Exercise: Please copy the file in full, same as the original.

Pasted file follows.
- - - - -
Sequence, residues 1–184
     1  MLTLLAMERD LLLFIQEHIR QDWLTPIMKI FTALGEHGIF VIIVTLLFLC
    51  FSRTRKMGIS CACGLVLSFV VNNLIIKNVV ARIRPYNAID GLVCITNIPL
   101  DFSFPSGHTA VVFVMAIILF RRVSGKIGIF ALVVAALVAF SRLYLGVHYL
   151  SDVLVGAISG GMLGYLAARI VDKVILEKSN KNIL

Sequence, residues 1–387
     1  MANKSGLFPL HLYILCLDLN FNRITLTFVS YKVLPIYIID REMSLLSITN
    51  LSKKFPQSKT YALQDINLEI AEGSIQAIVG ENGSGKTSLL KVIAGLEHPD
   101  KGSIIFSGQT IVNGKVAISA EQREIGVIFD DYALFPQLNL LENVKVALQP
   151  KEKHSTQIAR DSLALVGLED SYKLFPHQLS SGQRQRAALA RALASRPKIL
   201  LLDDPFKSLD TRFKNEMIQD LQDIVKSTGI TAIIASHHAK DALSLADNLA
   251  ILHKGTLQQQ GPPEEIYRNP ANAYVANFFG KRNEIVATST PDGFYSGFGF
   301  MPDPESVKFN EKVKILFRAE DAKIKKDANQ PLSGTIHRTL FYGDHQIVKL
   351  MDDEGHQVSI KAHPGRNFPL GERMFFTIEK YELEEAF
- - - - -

Sequence, residues 1–184
     1  MLTLLAMERD LLLFIQEHIR QDWLTPIMKI FTALGEHGIF VIIVTLLFLC
    51  FSRTRKMGIS CACGLVLSFV VNNLIIKNVV ARIRPYNAID GLVCITNIPL
   101  DFSFPSGHTA VVFVMAIILF RRVSGKIGIF ALVVAALVAF SRLYLGVHYL
   151  SDVLVGAISG GMLGYLAARI VDKVILEKSN KNIL

Sequence, residues 1–387
     1  MANKSGLFPL HLYILCLDLN FNRITLTFVS YKVLPIYIID REMSLLSITN
    51  LSKKFPQSKT YALQDINLEI AEGSIQAIVG ENGSGKTSLL KVIAGLEHPD
   101  KGSIIFSGQT IVNGKVAISA EQREIGVIFD DYALFPQLNL LENVKVALQP
   151  KEKHSTQIAR DSLALVGLED SYKLFPHQLS SGQRQRAALA RALASRPKIL
   201  LLDDPFKSLD TRFKNEMIQD LQDIVKSTGI TAIIASHHAK DALSLADNLA
   251  ILHKGTLQQQ GPPEEIYRNP ANAYVANFFG KRNEIVATST PDGFYSGFGF
   301  MPDPESVKFN EKVKILFRAE DAKIKKDANQ PLSGTIHRTL FYGDHQIVKL
   351  MDDEGHQVSI KAHPGRNFPL GERMFFTIEK YELEEAF